Dried blood on a handkerchief, a $700,000 gourd and one dead king. A forensic murder mystery?
Nope, just another genetics paper. I mean, it is gourd season, what did you expect?
The dead king in question is Louis XVI (the last of the French kings), who was ceremoniously beheaded on January 21st, 1793. After the beheading, attendees rushed the stage and dipped their handkerchiefs in the royal blood.
Over two hundred years later, some of that blood may have been found–dried to the inside of a decorative gunpowder gourd. The story goes that one of the attendees rushed home and stuffed the bloody handkerchief into the gourd for safekeeping.
In a study published in the journal Forensic Science International: Genetics, researchers analyzed some of the dried blood scraped from the inside of the gourd to find out if it really could be the king’s blood. They checked the Y chromosome to see if the blood-donor was male, and checked for the presence of a blue-eye gene, HERC2. The blood was indeed from the correct time period and belonged to a blue-eyed male–so far, the evidence fits the blue-eyed king. More genetic information about the family will be needed to confirm the identity, the study’s lead author told Wired’s Dave Mosher:
“The next step is find a descendant either of the king or his mother,” said Davide Pettener, a population geneticist at the University of Bologna in Italy who helped with the analysis. “Otherwise we’ll have to try to get a sample of the dried heart of Louis XVI’s son.”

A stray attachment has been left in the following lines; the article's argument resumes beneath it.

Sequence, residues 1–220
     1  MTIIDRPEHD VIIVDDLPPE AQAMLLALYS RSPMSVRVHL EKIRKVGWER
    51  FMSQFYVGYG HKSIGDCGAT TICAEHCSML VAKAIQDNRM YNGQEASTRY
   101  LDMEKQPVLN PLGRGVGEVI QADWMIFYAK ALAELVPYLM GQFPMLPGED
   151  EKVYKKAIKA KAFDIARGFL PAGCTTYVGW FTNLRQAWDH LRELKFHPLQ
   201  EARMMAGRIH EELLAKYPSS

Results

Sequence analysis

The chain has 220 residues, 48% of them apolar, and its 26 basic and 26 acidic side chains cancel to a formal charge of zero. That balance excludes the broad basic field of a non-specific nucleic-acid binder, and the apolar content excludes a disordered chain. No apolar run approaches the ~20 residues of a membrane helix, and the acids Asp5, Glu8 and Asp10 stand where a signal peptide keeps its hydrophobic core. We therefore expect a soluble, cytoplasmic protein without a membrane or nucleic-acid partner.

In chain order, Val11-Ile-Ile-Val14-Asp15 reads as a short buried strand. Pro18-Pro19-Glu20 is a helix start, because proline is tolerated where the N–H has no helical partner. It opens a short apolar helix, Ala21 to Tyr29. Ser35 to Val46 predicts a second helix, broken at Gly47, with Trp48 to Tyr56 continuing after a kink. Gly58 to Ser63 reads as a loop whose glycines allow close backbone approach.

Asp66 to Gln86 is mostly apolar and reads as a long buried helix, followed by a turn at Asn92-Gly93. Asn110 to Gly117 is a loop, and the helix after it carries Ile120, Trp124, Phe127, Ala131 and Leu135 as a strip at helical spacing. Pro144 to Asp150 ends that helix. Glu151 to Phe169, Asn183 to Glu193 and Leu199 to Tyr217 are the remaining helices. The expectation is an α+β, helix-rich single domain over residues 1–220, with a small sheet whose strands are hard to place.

The son died of poisoning two years after Louis was killed and his heart is stored in a glass vase at the Cathedral Basilica of St. Denis, but it might be difficult to get permission to sample.
The family who owned the gourd wanted to see if the blood really did belong to Louis XVI, and approached Pettener’s colleague to analyze it. The gourd was allegedly given to Napoleon Bonaparte but for the last 100 years belonged to the family, the researchers told Wired:
The gourd, presently valued at about 500,000 euro ($700,000), is emblazoned with key figures of the French Revolution and bears an inscription that reads, as translated from French into English by the researchers, “Maximilien Bourdaloue on January 21st, dipped his handkerchief in the blood of the king after his beheading.”
80beats: Bloodstained Tools From 13,000 Years Ago Found in a Suburban Backyard
Not Exactly Rocket Science: Dinosaur proteins, cells and blood vessels recovered from Bracyhlophosaurus
Not Exactly Rocket Science: How inbreeding killed off a line of kings
Gene Expression: Inbreeding & the downfall of the Spanish Hapsburgs
Image: Davide Pettener/Elsevier